In some ways, the play responds to Christopher Hitchens' provocative comment in a Vanity Fair article years ago, claiming that women aren't funny. The first act of this compelling show had the audience laughing on the opening night last Wedensday. The all-woman ensemble includes comedic veterans of the Philadelphia theatre. The play incorporates original and devised music by the cast and the musical director Monica Stephenson, and features a set by 1812 Productions' designer Lance Kniskern.
Bonin, a member of the JSPAN Board of Directors, provided an overview of the process by which redistricting is accomplished for state and federal elections in Pennsylvania, what role is played by the Pennsylvania Legislative Reapportionment Commission and which Constitutional provisions come into play. He also traced the history of litigation with respect to interpretations of key provisions of the state Constitution and explained how these likely may impact redistricting decisions currently before the Court.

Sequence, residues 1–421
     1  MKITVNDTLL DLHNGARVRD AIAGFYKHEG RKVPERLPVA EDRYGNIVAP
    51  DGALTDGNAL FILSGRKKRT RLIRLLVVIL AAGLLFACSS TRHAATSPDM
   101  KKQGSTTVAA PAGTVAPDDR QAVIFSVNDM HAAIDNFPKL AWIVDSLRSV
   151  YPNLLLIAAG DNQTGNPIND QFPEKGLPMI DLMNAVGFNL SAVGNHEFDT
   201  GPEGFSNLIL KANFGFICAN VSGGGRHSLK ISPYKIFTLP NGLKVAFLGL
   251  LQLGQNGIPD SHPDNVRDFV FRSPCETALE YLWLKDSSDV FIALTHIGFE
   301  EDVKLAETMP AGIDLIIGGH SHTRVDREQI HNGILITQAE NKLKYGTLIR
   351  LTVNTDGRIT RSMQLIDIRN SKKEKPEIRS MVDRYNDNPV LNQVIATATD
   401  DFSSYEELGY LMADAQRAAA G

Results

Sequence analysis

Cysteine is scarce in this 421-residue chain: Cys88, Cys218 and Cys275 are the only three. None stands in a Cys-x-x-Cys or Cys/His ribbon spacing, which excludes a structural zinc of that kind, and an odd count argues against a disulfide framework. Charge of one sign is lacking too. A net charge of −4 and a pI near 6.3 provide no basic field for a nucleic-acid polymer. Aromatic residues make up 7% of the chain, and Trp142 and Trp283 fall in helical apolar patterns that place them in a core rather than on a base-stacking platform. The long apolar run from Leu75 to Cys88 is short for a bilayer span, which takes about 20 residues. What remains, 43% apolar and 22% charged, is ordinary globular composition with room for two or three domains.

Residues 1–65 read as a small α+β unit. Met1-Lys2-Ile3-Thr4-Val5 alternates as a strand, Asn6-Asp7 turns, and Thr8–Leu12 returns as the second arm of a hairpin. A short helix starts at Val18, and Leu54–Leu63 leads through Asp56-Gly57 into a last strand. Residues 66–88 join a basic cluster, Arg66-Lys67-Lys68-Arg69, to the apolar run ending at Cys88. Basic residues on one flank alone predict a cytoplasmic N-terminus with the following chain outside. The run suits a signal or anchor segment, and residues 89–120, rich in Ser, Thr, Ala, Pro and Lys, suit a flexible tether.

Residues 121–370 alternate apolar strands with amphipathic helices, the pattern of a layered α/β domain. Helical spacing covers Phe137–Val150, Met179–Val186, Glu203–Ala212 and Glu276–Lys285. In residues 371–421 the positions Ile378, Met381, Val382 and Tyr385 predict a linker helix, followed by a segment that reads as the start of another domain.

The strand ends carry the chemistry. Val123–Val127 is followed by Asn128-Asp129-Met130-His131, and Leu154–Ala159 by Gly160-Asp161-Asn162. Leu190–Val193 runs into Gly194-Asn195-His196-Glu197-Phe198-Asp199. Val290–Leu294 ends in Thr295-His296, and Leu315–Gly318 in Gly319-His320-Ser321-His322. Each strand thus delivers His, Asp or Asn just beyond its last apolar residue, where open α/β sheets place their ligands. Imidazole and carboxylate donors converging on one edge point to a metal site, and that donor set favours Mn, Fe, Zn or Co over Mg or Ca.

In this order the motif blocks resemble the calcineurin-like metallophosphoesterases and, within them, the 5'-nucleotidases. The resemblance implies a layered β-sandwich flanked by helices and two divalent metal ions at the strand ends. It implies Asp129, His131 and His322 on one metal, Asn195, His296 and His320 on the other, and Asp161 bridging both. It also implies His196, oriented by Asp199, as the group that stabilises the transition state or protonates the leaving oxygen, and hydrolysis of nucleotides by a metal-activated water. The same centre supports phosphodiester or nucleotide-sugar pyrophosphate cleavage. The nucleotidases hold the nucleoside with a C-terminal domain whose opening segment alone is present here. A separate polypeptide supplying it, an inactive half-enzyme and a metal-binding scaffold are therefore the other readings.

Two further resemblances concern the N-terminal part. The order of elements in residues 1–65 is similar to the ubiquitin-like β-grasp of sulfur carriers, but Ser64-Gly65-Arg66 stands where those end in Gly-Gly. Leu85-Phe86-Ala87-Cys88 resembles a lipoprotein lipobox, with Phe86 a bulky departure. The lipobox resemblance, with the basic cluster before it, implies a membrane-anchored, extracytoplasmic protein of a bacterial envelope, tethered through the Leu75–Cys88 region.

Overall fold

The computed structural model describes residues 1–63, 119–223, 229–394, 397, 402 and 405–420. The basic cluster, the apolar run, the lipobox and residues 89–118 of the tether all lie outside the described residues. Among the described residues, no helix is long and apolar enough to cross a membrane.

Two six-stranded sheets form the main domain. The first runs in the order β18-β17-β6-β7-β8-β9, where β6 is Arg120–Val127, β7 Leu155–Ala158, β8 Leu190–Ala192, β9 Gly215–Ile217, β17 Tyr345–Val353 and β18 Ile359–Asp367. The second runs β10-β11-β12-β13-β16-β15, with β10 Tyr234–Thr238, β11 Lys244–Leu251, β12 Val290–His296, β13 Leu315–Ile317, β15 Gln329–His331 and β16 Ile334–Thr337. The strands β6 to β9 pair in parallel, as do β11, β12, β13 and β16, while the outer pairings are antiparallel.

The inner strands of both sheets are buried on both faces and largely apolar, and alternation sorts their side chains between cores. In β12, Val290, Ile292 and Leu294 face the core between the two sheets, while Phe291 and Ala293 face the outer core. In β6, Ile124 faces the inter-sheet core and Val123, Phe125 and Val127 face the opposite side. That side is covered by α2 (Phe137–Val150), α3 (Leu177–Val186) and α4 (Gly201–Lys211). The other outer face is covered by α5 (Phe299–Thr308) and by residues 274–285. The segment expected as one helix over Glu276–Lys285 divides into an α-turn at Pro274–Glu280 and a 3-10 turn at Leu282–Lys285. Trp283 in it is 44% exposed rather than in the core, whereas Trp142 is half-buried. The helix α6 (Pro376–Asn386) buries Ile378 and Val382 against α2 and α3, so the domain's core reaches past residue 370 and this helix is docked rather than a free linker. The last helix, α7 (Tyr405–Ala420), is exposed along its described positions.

Due to its similarity to soccer and the smaller field and number of players, futsal is an extremely popular hobby around the world. "Futsal in Brazil is like basketball or baseball here in the U.S. In fact, in younger ages they play it instead of soccer," explains Michael Monheit, chair and head coach of the U.S. futsal team for the Maccabiah Games.
Two years ago, Monheit established the American Futsal Academy in King of Prussia. "Before that, clubs in the area used futsal for practice, but there were no actual futsal clubs here," he said.